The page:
Raking leaves - Little Red Farmstead
1801 Farmhouse

Fall Clean-Up on the Farm

Raking leaves - Little Red Farmstead

One lesson we’ve learned so far this first year on the farm is that fall yard cleanup takes a MINIMUM of three days. I plan to allocate my vacation time accordingly next year.

On day one, Mike rented a walk-behind leaf blower from the hardware and lumber store just up the road from us. He spent the better part of the day blowing the leaves from the seventeen maple and three crabapple trees in our front yard into two enormous piles. Each pile, one on either side of our driveway, was about 10 feet wide by 40 feet long, and varied in depth from 2 to 4 feet.

View of one leaf pile from second floor of our house - Little Red Farmstead
This is the view of the smaller leaf pile, on the north side of the driveway, taken from an upstairs window.

Day two and three were spent raking the leaves onto a 10’x12′ tarp, then dragging the leaf-laden tarp with the tractor out to the pasture to burn the leaves. Burning went well on day two, but we had to take a break between days two and three, because of rain. So by day three, the leaves were wet, heavy, and unburnable. So now our back pasture has 6 leaf piles still waiting to be burned.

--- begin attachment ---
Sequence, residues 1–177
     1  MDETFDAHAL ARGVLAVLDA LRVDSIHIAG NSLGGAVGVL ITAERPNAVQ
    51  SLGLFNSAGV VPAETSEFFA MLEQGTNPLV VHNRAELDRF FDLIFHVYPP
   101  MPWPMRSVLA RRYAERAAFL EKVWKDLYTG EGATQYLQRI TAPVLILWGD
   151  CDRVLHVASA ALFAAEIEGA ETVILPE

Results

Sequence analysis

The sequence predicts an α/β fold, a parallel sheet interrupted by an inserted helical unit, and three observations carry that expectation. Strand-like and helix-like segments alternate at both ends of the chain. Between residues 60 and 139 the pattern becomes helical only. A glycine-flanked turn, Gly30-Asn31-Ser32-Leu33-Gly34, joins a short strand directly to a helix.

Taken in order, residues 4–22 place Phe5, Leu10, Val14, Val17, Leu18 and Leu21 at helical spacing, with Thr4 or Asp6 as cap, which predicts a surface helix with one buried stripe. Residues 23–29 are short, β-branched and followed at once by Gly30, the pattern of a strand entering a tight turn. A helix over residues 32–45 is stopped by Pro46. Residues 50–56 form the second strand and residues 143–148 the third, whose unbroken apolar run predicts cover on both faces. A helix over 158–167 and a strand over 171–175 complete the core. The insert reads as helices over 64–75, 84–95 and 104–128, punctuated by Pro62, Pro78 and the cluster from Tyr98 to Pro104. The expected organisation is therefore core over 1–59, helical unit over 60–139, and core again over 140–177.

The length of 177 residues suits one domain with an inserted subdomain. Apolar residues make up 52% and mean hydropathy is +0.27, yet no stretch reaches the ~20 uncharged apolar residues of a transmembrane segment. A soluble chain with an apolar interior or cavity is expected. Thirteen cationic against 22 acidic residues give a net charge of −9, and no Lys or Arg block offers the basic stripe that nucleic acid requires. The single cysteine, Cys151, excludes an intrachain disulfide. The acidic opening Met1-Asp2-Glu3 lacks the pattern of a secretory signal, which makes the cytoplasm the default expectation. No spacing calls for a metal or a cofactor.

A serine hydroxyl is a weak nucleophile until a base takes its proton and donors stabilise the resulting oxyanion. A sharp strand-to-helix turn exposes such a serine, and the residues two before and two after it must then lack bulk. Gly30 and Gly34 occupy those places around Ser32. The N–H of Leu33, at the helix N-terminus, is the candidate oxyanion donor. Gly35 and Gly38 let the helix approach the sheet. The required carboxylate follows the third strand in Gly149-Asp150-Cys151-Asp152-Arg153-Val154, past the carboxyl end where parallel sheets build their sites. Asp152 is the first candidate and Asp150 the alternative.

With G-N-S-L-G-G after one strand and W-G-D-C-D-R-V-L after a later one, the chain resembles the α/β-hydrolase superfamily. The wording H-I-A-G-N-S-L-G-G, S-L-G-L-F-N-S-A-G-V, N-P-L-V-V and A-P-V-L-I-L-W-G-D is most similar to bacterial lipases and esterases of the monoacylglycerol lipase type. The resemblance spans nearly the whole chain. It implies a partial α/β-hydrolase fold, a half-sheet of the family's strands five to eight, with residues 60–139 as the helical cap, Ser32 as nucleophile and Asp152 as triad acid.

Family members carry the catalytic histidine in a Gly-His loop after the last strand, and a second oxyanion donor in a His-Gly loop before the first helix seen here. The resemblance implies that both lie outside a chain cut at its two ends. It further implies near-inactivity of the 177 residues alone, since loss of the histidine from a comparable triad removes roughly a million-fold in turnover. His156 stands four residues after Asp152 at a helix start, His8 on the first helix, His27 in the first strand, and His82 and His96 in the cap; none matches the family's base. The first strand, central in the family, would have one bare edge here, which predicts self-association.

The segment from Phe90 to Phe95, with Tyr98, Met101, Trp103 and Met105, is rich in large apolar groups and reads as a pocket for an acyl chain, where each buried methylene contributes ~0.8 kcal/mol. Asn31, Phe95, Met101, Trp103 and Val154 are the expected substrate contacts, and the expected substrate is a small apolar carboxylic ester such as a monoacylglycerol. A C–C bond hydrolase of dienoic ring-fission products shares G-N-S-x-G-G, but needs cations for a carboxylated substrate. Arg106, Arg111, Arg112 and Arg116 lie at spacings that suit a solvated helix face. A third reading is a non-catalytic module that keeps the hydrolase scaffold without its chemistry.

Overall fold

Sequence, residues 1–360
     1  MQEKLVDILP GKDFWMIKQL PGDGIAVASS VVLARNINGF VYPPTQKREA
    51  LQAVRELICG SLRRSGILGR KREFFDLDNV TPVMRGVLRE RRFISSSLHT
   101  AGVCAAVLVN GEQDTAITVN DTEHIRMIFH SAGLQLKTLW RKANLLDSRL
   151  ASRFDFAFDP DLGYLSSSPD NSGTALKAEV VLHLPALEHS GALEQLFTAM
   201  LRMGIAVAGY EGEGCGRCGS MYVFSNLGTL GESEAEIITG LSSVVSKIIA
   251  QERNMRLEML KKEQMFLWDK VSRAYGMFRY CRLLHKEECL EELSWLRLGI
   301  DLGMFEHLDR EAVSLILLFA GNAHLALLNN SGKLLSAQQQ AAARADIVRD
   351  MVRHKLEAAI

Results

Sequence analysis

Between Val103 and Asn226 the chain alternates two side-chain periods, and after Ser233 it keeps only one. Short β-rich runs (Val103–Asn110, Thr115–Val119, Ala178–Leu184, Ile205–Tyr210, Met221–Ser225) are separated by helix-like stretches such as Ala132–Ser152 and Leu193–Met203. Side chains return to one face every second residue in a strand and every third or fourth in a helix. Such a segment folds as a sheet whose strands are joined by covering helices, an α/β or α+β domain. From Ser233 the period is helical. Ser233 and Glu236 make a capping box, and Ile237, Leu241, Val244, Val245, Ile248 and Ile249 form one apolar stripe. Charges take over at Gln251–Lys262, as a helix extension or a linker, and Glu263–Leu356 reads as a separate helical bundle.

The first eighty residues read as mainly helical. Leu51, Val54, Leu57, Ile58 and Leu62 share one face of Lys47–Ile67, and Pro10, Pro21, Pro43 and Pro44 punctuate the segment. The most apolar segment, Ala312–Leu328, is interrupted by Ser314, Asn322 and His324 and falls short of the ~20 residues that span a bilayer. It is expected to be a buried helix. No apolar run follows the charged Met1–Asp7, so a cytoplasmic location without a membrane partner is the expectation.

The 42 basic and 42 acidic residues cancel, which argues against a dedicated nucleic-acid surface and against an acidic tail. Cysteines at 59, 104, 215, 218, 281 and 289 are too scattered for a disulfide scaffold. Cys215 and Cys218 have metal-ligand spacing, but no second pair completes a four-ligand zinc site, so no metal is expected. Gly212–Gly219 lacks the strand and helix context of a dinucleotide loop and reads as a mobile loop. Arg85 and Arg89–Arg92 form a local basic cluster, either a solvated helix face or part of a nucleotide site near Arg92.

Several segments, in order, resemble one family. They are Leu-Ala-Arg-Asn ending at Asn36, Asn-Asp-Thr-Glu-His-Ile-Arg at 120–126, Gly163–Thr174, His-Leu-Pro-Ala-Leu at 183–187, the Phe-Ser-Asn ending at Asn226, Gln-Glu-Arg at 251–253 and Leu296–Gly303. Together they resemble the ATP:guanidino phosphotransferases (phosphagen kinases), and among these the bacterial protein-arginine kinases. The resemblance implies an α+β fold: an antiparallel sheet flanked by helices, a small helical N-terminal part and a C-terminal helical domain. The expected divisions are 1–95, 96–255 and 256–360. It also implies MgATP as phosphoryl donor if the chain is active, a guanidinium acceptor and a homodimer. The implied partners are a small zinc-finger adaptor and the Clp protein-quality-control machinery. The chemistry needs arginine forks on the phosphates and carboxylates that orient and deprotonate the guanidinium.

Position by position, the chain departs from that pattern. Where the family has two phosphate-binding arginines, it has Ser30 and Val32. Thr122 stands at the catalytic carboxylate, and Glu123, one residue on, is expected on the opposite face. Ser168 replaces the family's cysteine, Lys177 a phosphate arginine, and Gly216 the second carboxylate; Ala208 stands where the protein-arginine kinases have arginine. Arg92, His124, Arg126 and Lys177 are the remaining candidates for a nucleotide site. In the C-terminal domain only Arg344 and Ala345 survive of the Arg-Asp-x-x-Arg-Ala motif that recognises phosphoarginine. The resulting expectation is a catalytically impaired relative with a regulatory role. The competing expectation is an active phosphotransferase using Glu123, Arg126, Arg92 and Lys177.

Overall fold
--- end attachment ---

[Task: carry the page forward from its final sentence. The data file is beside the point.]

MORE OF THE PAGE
Amanda hauling leaves with the tractor - Little Red Farmstead

With having SO many leaves, we also decided to prepare a Back to Eden-style permaculture garden to be planted in the spring. I used chicken wire and some posts to map out an area behind our barn that we filled with four or five tarp-loads of leaves as well. Part of me is worried we’e going to have a GIANT mess to clean up in the spring, and then nowhere to plant the garden, but I’m trying to have faith and give it a try.

Chickens in the leaves - Little Red Farmstead

There are still some leaves close to the house, caught in the shrubs and along the porch, that need to be cleaned up. The chicken house needs a final deep-cleaning, and then I think we’ll be ready for winter — ready as we’re going to be, at least. (Brrr!)

Amanda lives with her family on a little red farmstead in northwestern Pennsylvania. By day she's a web developer specializing in WordPress and in her off time she enjoys working with goats and other livestock on the farm, canning, knitting, and crocheting.